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Journal of a Novel: The East of Eden Letters

By John Steinbeck

A book about writing a book?  The thought of this even as a big fan of JS gave me flashes of the writer being a teeny bit self indulgent. After I was a couple of pages into this collection of letters my first ill-informed opinion was obliterated.

This is a collection of letters that Steinbeck wrote to his editor and friend Pascal Covici (aka Pat in the text).  Many of us will have colleagues to chat to and converse with everyday. This is not so for a writer so for JS his journal was his water cooler chat/cigarette break in which he got to let off steam and ruminate on all kinds of topics.

The journal begins in January 1951 when he started writing EOE and ends in November of the same year when he had finished his first draft. From the get go JS set out to write his ultimate book (which many would say he achieved with EOE, as would your humble reviewer). He saw East of Eden as his heavily autobiographical  legacy to his two sons in which he wanted to show them the thorough evil of people, the pure goodness of people, and the wonders of nature.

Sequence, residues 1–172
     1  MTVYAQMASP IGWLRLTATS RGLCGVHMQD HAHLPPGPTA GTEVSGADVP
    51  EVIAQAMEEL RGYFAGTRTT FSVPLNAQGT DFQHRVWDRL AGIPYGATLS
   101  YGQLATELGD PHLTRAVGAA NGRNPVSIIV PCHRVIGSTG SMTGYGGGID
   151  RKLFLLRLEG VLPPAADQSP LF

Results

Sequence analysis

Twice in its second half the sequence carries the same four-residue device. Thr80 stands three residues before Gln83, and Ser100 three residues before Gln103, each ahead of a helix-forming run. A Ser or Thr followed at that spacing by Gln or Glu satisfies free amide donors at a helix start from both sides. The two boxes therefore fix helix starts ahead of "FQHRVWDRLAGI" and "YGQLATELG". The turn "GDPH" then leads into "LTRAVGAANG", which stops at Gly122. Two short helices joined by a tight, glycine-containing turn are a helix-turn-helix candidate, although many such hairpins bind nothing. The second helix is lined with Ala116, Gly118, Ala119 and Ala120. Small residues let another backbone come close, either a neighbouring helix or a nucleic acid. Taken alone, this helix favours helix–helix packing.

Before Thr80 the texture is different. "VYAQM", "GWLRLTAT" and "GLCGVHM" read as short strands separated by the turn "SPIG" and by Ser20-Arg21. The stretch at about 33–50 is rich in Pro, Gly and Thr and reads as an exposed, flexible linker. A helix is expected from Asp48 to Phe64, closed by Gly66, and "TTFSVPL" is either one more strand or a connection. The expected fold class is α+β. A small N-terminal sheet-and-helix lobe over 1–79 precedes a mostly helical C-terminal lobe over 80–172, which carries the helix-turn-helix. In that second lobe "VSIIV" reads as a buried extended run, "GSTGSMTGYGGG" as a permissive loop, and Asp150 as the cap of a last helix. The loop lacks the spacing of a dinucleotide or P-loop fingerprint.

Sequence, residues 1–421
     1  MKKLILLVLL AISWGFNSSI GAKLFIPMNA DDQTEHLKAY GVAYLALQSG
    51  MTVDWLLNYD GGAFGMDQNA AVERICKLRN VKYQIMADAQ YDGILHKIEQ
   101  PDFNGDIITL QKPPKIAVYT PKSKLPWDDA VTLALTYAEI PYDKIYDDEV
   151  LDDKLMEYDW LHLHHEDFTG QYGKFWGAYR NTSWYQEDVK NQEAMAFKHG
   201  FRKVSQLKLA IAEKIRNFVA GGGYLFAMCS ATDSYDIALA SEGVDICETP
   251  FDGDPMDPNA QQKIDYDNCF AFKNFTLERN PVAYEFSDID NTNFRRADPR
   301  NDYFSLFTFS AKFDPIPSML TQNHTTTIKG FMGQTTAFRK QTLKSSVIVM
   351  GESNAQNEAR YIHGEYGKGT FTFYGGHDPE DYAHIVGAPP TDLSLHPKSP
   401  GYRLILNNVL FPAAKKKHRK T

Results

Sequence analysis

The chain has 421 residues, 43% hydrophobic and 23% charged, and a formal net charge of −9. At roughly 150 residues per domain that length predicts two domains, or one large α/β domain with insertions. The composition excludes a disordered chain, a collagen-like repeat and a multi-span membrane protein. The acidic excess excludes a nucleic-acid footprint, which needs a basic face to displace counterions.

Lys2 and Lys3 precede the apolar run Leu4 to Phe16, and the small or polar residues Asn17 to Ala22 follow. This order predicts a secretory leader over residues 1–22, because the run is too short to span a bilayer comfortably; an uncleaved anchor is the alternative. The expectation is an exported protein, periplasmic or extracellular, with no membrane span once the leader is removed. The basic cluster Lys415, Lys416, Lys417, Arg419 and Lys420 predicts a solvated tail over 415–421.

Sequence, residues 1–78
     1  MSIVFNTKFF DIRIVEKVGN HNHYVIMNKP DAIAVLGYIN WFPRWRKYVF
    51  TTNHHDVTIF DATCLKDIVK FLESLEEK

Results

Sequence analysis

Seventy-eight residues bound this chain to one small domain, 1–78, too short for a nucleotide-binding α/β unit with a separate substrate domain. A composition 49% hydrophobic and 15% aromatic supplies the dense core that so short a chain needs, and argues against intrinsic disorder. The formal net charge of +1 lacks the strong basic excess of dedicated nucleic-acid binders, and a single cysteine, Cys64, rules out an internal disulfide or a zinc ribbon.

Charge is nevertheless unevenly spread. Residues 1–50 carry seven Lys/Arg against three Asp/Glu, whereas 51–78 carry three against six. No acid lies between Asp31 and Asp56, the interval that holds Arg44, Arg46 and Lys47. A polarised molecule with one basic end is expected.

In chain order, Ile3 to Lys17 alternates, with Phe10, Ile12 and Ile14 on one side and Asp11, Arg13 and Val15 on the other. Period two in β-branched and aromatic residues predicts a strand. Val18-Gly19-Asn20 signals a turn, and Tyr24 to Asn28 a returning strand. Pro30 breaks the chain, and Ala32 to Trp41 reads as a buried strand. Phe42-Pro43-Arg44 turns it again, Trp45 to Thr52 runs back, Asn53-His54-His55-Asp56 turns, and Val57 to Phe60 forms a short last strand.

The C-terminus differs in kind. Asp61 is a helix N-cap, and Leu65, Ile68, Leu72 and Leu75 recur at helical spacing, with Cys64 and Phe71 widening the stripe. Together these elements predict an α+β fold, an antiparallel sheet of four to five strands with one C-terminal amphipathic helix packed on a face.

This is a wonderful easy read but one not lacking in depth in which a man bears his soul and his insecurities. The writer who at the age of forty nine had begun to enjoy being a father and a husband but even as a world famous novelist still had the universal hopes and fears that all of us go through in life. His musings contain his usual satirical wit and excellent style and as a reader it was clear to me that Steinbeck and his long-standing editor had over the years galvanised a very sturdy personal relationship where they and their families had become very close, and in which insulting each other and cruel mockery were key to the relationships survival.

The prospective reader would do well to read EOE before this Journal because as well as the whacking great plot spoilers, the writer’s tribulations over various plot changes and structure make this such an interesting  read for anybody who has read and loved the novel. As well as notes on the book the writer also waxes lyrical on that years baseball world series, the unavailability of decent pencils (hard to believe in our digital times but he wrote the entire first draft of  EOE longhand), the current political situation in the United States, parenthood, and last but not least his passion for carpentry and buying tools.

To conclude, a great insight into the creative process that formed a great book by a great writer. 10/10
Cutsyke

East Of Eden is another brilliant book. Read it loads then my Mam said, does it remind you of Cain And Able? I don't know, I've never read the Bible.

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